The Arctic Academy for Sustainability


“Finding pathways to a socially responsible green transition, intertwined with sustainable resource management in the Arctic, is imperative for the long-term well-being of Arctic peoples and for reducing the impact that resource exploitation has on Arctic ecosystems,” explains Professor Karin Buhmann, Lead of the UArctic Thematic Network on Arctic Sustainable Resources and Social Responsibility.


By Karin Buhmann, Lead of the UArctic Thematic Network on Arctic Sustainable Resources and Social Responsibility, Professor, Copenhagen Business School and Giuseppe Amatulli, Post-doctoral Fellow, Carleton University and Paul Bowles, Vice-lead of the UArctic Thematic Network on Arctic Sustainable Resources and Social Responsibility, Professor, University of Northern British Columbia and Dorothee Cambou, Assistant Professor, University of Helsinki and Jamie Jenkins, Doctoral Researcher, University of Helsinki


To contribute to this challenge, our Thematic Network has developed the Arctic Academy for Sustainability with generous funding from the Prince Albert II of Monaco Foundation.

The Academy is a multi-year project (2022-2025) spanning over the European and Canadian Arctic with university partners in Canada, Denmark, and Finland. The Academy acts as a venue to organize and host four scientific fora to promote transdisciplinary research dialogue concerning the environmental, economic, and social aspects of sustainability in the Arctic focused on the identification of solutions.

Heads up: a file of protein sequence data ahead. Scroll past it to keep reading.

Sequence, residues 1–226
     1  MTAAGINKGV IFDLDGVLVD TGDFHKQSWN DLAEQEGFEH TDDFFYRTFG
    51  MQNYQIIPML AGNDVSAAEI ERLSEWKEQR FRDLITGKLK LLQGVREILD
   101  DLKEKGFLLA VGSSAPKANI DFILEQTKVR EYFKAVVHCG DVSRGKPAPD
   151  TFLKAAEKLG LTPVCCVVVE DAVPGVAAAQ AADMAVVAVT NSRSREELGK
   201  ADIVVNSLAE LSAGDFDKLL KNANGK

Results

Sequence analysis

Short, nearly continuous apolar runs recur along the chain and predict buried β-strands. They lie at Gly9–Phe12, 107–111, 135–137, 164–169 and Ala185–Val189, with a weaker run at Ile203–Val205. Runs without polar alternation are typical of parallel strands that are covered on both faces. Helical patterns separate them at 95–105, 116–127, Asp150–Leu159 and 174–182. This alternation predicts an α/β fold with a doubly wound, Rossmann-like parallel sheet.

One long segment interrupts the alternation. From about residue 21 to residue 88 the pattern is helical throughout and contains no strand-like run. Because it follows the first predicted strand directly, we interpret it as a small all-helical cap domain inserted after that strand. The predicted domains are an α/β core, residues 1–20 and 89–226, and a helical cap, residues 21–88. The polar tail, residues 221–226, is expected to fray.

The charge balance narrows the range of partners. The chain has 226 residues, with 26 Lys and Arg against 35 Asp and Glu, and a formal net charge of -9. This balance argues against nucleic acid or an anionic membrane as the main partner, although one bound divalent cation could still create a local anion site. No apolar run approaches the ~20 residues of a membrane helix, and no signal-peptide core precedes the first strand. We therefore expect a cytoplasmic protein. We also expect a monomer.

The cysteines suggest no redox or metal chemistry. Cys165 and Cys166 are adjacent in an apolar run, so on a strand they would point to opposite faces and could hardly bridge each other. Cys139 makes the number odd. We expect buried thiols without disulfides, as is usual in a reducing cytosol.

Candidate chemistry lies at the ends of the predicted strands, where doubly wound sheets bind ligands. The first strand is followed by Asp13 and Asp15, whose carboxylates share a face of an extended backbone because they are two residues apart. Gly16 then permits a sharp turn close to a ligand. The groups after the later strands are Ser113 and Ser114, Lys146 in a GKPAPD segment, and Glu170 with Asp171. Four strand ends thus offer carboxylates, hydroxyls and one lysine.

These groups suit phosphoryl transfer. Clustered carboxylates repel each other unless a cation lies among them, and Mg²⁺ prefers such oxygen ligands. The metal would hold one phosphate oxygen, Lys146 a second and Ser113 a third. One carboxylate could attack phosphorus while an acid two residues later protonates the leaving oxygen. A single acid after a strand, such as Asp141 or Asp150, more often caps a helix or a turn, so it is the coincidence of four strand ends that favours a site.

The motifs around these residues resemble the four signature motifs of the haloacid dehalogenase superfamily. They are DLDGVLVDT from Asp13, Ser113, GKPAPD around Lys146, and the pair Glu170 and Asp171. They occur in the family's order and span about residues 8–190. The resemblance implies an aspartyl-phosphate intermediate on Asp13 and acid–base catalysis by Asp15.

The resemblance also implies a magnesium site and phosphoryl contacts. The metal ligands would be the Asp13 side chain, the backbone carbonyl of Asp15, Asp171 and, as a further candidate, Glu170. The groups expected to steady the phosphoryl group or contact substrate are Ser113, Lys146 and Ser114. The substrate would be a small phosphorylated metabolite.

A crucial feature of the Academy is that it brings together senior researchers, early career scientists, practitioners, Indigenous leaders, and the next generation of researchers from across the Arctic and beyond. These intellectual exchanges are rooted in place-based experiences and interactions with local rightsholders as well as stakeholders from companies, governments, and civil society. By facilitating these interactions, the Academies aim to develop networks that can sustain longer-term empirical research, promote information and knowledge-sharing, and lead to tangible solutions to achieve a just transition to renewable energy and sustainable resource management in the Arctic. At the same time, the Academies advance interaction between Academy participants and members of the Thematic Network as well as researchers at the host institutions.

Two Academies have been held to date. The first took place in Finnish and Swedish Lapland in 2022, hosted by University of Helsinki. With a focus on exploring the energy transition in the region, the Academy included wide-ranging transdisciplinary discussions and field visits to Kiruna, the site of the largest underground iron ore mine in the world, and to Piteå, the location of what will be the largest wind park in Europe with over 1,100 turbines. The possibilities for a socially responsible transition which empowers local communities as well as addressing climate change challenges were the subjects of lively debates and investigations.